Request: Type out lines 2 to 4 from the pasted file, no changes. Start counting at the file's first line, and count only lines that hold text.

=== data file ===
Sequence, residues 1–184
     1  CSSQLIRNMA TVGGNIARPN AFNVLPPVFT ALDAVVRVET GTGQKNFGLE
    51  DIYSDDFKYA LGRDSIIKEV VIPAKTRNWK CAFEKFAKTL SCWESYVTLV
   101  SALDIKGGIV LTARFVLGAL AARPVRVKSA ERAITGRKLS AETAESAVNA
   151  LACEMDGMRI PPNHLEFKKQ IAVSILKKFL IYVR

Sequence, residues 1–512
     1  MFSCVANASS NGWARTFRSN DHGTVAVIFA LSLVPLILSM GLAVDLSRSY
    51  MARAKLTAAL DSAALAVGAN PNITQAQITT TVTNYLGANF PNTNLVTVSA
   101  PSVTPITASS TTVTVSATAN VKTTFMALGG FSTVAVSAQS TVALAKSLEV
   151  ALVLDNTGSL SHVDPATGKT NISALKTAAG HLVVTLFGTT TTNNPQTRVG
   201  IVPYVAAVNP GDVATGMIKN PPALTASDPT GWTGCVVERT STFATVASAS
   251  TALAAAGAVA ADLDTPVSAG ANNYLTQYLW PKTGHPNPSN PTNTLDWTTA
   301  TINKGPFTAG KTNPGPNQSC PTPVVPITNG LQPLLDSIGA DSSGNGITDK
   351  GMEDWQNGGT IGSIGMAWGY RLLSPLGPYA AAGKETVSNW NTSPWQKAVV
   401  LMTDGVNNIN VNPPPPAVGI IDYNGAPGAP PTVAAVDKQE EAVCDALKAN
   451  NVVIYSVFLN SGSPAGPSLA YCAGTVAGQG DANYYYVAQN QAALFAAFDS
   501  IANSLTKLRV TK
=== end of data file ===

     1  CSSQLIRNMA TVGGNIARPN AFNVLPPVFT ALDAVVRVET GTGQKNFGLE
    51  DIYSDDFKYA LGRDSIIKEV VIPAKTRNWK CAFEKFAKTL SCWESYVTLV
   101  SALDIKGGIV LTARFVLGAL AARPVRVKSA ERAITGRKLS AETAESAVNA